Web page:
To end this month of “Burnout”, I thought it might be fun to reinterpret the theme title and take a look at the sound design for a classic series of racing games that bear the same name. So allow me if you will, to take you… back in time!
The year was 2001.
It was the year the gaming world debuted the gruff yet dulcet tones of Max Payne.
It was the year Final Fantasy dropped to a single Roman numeral as it reached the “X” milestone.
It was the year that Yuri got his revenge.
And it was the year that this photo happened…
One set of headphones, two blimps, and three steely looks is all that was needed to define the sound of the”Burnout” games. A series that would go on to span eight years, eight games in total crossing ten different platforms.
Chances are you’ve owned, played or at least know of this series that was a defining part of my high-school and early college years. I have crystal clear memories of my roommates and I constantly swapping controllers as we tried to best our times on the Airport Terminal 3 track in “Burnout 2: Point of Impact”.
For those who’s memories are a little hazy however, here’s a refresher…
Ben Minto was kind enough to search though his memory archives and share some of his insights and tales from his time on the series. Ben worked as a audio designer on the series from the initial “Burnout” in 2001 though to 2008’s “Burnout Paradise”.
Before we delve into the interview, here’s a gameplay clip that features several of the things Ben discusses below.
Designing Sound: What role did sound play in the series, how was it viewed within the development team?
Ben Minto: Sound was key to the overall experience. When we (the original three person sound team of Stephen Root, Peter Bishop and myself) joined Criterion, from Acclaim, the game (codenamed SRC or Shiny Red Car) and the team making it were crying out for audio.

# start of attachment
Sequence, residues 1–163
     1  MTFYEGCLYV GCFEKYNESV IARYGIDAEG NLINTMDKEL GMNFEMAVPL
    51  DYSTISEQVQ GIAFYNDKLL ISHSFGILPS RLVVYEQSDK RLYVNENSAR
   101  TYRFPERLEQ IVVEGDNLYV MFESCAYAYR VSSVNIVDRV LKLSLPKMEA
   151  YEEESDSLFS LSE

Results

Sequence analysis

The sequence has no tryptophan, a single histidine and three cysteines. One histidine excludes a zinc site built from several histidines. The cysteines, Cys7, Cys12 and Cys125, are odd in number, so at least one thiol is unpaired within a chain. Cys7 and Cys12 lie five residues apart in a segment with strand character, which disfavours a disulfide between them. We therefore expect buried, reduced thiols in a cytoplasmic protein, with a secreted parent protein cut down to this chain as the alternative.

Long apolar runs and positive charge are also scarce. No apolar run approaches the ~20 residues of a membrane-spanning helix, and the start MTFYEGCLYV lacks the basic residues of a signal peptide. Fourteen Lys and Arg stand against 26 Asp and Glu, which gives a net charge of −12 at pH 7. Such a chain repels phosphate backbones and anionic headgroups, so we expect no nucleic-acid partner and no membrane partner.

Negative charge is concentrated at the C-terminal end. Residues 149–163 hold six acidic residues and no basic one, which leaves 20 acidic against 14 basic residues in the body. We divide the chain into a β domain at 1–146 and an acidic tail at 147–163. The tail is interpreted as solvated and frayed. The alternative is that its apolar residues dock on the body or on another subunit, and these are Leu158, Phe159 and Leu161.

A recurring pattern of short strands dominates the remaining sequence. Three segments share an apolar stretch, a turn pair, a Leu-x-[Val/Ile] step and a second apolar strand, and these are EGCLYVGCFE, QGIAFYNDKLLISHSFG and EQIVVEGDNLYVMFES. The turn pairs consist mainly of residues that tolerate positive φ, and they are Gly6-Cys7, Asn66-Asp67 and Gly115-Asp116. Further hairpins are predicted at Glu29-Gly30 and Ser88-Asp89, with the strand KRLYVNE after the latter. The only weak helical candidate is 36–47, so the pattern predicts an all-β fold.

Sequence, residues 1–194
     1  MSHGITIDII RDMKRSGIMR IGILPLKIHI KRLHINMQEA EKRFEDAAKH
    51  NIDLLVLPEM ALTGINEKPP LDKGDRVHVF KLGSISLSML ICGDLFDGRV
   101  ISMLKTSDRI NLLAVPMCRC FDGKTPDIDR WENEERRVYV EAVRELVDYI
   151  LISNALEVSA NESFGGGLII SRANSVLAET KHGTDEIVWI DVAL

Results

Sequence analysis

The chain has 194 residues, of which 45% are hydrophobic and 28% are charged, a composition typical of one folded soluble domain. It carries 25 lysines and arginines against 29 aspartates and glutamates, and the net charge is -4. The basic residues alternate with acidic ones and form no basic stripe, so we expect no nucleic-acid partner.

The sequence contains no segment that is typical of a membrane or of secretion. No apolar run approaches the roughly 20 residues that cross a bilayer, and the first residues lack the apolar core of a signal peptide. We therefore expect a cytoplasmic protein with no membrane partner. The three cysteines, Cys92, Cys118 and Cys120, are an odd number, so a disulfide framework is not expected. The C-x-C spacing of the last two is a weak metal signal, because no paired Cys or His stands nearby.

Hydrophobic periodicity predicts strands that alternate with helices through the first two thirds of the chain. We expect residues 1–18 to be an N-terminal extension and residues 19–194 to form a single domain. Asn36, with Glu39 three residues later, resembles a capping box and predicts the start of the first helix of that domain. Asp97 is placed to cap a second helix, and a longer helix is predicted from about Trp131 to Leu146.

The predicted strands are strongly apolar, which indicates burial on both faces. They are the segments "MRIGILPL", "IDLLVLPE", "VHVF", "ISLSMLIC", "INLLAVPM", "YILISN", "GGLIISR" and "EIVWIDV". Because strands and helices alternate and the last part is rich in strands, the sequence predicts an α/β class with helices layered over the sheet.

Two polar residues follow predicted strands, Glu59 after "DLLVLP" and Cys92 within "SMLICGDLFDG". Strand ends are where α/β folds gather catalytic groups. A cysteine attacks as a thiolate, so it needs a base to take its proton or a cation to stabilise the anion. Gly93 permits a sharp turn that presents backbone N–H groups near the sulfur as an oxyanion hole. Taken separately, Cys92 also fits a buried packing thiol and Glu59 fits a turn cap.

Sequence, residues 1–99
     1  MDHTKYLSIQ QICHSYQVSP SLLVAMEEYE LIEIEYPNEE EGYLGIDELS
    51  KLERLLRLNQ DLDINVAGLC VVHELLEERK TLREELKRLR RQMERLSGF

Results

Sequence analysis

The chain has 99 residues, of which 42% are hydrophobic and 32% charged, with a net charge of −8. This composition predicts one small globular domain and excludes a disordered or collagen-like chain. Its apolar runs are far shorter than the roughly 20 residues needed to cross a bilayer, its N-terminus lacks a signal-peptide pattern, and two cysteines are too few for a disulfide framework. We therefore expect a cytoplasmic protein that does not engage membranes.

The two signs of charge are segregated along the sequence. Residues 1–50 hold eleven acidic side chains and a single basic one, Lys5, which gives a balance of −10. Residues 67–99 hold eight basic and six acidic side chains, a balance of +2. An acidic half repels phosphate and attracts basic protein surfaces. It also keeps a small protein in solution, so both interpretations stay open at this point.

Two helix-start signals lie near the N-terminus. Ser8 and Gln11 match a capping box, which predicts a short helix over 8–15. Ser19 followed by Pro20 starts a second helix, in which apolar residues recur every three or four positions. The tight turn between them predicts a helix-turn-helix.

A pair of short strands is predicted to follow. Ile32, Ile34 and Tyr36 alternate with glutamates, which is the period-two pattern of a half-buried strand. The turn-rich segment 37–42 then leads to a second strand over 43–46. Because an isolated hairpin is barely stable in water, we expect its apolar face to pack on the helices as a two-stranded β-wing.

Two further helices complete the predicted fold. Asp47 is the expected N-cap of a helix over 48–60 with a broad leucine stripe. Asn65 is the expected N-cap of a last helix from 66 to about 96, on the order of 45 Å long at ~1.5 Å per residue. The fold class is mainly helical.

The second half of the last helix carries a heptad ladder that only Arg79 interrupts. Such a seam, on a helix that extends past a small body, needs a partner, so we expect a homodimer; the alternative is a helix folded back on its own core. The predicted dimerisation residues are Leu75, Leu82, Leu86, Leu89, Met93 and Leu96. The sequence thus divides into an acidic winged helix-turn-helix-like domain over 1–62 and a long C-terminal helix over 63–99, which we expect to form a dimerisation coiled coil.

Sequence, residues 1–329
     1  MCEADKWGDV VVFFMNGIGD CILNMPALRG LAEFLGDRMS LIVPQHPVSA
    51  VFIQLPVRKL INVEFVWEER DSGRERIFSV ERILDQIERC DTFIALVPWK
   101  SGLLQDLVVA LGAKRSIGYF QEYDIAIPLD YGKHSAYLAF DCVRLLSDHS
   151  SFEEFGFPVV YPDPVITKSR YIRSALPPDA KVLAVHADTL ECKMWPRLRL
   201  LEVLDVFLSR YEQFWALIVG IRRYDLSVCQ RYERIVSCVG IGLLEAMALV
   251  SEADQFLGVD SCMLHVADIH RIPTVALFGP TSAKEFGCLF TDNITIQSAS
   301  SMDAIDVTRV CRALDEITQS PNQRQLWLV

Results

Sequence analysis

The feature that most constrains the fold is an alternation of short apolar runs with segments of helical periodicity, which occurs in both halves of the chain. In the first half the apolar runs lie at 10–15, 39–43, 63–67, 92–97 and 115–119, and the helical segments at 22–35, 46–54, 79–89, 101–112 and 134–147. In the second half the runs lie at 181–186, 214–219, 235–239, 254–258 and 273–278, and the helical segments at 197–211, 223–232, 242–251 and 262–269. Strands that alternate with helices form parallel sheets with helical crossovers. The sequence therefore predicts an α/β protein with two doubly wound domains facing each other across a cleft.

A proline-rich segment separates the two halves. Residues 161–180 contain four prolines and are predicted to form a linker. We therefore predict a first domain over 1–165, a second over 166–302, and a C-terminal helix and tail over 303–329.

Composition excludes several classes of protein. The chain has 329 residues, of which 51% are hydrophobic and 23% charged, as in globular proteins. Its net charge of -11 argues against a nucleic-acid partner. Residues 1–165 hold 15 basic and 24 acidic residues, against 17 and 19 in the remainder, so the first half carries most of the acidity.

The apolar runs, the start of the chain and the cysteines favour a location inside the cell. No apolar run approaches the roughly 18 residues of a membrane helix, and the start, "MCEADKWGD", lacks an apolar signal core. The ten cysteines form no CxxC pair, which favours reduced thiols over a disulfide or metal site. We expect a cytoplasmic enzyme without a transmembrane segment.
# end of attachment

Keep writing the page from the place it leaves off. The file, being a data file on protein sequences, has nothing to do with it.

Everyone knew that without compelling sound, it was going to be very hard to sell the extremes of thrashing a car to its limits against competitors whilst weaving in and out of traffic and then the visceral, destructive, and yet in its own way rewarding, experience of ploughing head long into a crash.
As a team, not just the audio group, we all knew that those were our two big “Hollywood-esque” moments, so a lot of energy and effort went into selling them. In the ideal scenario you would be flipping back and forth between these two high adrenaline stages, constantly on the edge of your seat – pure arcade thrills!
DS: How was it working with a series across multiple platforms and console generations? Did the toolset evolve for each title or did you start from scratch on each occasion?
BM: Criterion built RenderWare, a middleware solution (which included the RenderWare Audio component), so all our titles were built on that. This made it relatively easy for the first two titles to ship across PS2, GC and XB, with the PS2 being our lead platform. For Burnout 3 and 4, we again led on the PS2 and then shipped on the PS2 and XB. Burnout (Revenge) 4 was eventually ported to the XB360. The code base for these first four titles evolved over each title while Burnout Paradise was a whole new beast built from the ground up.
DS: Were you mostly using in-house tools? What was some of the most interesting functionality developed for the series?
BM: All in house tools. We had a very fortunate setup in that we had one audio programmer per sound designer, which is pretty much unheard of. So whilst we didn’t have a great toolset out of the box, we generated a lot of unique custom and very optimised solutions as we went.
For Burnout 1 we used Fourier Resynthesis for the engines, hence why they sound quite synthetic/tonal. The principle is that you start with real recordings taken at different fixed RPMs, and then remove the fundamental and a series of harmonics from these, almost akin to a split into tonal and noise components (something that today you can do in RX in seconds!). The noise parts (derived from the real recordings minus the fundamental and harmonics) you would then crossfade between across the RPM range, whereas the tonal parts are resynthesied from sinewaves and the mix of harmonics (additive synthesis) can be controlled across the RPM range, and varied with gear, speed, load etc. This helped to remove phasing as you crossfaded between samples and you could always keep bass in your overall sound (as it was easy to generate subharmonics given the fundamental), but it also took a lot of life out of the original recordings.